“I love you,” I said.

That spring we were reunited at a youth group convention. We stayed up all night joking and laughing and making prank calls. I can still hear her loud contagious giggle echoing through the room. I felt just like camp. When we finished laughing she said to me,

“I tried to kill myself this year.”

I couldn’t believe what she was telling me.

“I love you,” was all I could say.

We lost touch after that. Maggie lost touch with all of us.

On January 17, 2012, I got a text from my friend.

I need to tell you something.”

Is everything okay?”

Just meet me after class.”

Something felt terribly wrong, so right as the bell rang I ran to my friend. Her eyes were puffy. Her face was red.

“What’s wrong?” I asked.

“It’s Maggie,” she choked “she overdosed.”

My heart stopped.

“Well is she okay? Is she in the hospital? Can we call her?”

“No, she died this morning.”

I cried all night. 

The funeral was heartbreaking. There were so many people there. She had so many friends. She was so loved.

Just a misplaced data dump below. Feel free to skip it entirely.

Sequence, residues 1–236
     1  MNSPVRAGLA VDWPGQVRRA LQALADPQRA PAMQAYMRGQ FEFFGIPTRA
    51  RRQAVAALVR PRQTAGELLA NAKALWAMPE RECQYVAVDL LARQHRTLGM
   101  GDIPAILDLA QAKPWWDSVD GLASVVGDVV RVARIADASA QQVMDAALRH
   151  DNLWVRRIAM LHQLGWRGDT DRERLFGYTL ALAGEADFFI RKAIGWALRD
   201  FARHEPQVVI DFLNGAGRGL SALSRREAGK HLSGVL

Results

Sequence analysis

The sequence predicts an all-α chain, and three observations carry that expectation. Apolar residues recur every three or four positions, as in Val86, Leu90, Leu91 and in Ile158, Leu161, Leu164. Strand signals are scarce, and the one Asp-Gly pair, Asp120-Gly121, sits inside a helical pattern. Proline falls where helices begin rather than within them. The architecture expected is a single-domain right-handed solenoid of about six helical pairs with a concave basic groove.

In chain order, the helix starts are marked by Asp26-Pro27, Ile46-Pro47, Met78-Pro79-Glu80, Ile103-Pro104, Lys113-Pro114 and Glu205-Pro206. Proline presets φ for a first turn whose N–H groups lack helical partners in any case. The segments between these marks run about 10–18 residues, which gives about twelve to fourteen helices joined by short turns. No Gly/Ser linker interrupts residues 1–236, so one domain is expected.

How could you leave us?” I thought. “How could you do this to all these people?”

It took me a while to understand why she did what she did. She was in so much pain. While I wish more than anything that she were still here, I’m glad she’s not still in pain.

I wish we had stayed in touch. I wish I could call her. I wish I could say,

“I love you,” one last time.

John Y’s Musings from the Middle: Gangsta Fantasies

jyb_musingsGangsta fantasies and crotchety, judgmental old men (me) advising.

Seeing several privileged white kids at a private school in Louisville trying to look “gansta” made me remember this video.

This is as about as tough, fellas, as you coul…d ever hope to look. (Please watch the video.) And you will never look or be as “street” as Vanilla Ice. And that should deter you.

It just ain’t happening.

Comb you hair. Pull up your pants. Tuck in your shirt. Do your homework. Because not doing your homework is about as “bad” as you are ever going to be.

Embrace it. Be grateful. Be who you are.


From Mitch McConnell’s Facebook Page…

Check out below the meme posted on Senator Mitch McConnell’s Facebook page, and the comments made by the Senator’s team and others. Then let us know what you think:

The Recovering Politician Bookstore


The RP on The Daily Show